The boredom has set in; the honeymoon may very well be over. Today, marks one week of no school (and Day 13 of our family’s quarantine). Each week, there seems to be a new norm we all have to find the courage to adapt to and this week, our Governor of Wisconsin has suspended all sleepovers and play dates. I think we finally have the attention of all generations, big and little.
I could see and feel the agitation from my daughter build right before her mouth spewed the words, “Well, you get to do everything you want and we don’t!” I know she’s bored and frustrated, but golly gee. Does she think worrying over this worldwide pandemic is fun or having to parent my parents is entertaining? Each day, I’m connecting with my peeps from long ago and today and we share love and guidance.
I feel for all people living through hell right now. Their stories and situations cause me to find empathy I never knew I had.
The husband who dropped off his wife in the ER but had to return home while doctors had put his wife on a ventilator. The daughter who is eight hours away and cannot be with either parent to offer her love and support.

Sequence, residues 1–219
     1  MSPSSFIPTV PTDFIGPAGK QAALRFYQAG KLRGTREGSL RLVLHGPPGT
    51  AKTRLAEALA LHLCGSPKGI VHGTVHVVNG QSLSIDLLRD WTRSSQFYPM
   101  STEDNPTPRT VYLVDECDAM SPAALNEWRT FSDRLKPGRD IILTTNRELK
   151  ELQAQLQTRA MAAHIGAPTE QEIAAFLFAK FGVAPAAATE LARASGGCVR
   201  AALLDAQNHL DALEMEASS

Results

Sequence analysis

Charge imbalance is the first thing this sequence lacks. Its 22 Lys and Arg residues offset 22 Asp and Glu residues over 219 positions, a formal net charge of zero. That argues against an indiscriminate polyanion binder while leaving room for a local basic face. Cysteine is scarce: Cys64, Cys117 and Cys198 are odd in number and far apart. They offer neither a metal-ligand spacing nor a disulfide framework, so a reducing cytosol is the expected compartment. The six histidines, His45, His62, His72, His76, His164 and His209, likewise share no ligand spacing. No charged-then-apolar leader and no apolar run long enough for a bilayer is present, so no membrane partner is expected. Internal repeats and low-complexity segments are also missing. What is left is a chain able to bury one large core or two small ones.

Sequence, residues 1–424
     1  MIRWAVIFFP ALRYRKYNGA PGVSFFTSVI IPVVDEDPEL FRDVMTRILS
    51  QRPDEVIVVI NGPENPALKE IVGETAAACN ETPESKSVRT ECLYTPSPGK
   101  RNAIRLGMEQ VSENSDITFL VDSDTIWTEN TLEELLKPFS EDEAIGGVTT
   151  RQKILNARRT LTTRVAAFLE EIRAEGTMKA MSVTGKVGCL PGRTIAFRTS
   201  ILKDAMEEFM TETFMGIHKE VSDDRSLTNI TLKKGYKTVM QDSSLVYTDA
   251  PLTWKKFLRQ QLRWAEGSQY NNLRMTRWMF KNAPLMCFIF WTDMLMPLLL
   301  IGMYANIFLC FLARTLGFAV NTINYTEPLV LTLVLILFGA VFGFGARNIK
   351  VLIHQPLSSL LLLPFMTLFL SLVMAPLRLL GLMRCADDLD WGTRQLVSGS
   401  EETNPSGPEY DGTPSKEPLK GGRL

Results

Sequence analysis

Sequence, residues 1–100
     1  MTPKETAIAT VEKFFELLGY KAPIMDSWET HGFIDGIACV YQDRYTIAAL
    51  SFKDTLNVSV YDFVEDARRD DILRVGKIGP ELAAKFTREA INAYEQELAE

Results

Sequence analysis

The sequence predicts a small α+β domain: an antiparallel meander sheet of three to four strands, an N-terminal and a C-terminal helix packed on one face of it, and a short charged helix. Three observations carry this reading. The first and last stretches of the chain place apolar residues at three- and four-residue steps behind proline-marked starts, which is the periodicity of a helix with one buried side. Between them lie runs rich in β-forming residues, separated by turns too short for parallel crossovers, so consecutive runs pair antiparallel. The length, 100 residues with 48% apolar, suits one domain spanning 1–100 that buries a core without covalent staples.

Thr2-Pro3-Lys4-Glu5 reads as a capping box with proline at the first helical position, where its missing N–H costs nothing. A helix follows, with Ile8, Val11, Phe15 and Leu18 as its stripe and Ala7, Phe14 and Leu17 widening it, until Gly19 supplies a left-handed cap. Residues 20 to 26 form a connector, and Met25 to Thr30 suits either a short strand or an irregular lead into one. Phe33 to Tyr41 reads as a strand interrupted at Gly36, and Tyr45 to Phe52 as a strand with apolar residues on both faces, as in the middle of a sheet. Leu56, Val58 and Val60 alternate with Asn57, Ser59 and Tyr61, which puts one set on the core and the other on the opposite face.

The mother of three who has no car and no access to the local grocery store (which is out of groceries anyways), so she is thankful the school is busing breakfast and lunch each day.
The young, healthy doctor who received an email asking him to step up when the first CO-VID19 patient arrives.
The new homeschooling mother who feels like a failure.
The family who is downstairs while dad is quarantined upstairs due to a fever.
The single parent (whose ex-husband is overseas with CO-VID19) who openly admitted her job is more important than homeschooling her kids at this moment in order to keep her house.
These are the stories from my people, the ones I call family and friends, in just a week’s time. It’s not a generational thing-it’s a humankind thing.